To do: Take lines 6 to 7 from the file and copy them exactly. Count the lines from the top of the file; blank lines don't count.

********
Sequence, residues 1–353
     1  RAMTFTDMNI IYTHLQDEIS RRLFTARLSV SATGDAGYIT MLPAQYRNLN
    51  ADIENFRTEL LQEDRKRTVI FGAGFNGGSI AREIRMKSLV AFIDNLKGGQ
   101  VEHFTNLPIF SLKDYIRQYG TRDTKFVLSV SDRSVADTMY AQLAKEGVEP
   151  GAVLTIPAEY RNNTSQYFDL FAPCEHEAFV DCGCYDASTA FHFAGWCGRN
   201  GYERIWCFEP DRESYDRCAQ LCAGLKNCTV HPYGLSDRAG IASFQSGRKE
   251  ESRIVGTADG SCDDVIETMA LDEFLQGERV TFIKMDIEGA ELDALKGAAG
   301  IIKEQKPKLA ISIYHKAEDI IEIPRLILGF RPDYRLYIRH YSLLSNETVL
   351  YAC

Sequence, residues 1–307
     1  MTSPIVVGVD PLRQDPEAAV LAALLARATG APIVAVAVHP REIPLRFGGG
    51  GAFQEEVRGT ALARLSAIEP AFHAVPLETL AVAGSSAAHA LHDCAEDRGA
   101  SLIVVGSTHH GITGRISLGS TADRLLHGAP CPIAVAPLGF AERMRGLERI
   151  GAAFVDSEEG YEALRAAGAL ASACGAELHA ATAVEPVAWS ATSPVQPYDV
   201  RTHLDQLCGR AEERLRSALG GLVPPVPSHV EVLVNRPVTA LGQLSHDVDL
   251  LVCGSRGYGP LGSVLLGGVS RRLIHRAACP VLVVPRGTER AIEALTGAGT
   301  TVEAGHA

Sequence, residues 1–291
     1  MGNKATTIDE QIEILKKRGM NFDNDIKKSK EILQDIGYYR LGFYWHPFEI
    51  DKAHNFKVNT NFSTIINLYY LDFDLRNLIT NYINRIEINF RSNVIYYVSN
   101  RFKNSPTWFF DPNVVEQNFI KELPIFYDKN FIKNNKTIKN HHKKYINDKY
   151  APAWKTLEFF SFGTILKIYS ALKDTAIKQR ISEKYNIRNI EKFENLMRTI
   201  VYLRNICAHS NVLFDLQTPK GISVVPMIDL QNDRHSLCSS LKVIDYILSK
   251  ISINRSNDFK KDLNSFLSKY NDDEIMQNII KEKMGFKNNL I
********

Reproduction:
   201  GYERIWCFEP DRESYDRCAQ LCAGLKNCTV HPYGLSDRAG IASFQSGRKE
   251  ESRIVGTADG SCDDVIETMA LDEFLQGERV TFIKMDIEGA ELDALKGAAG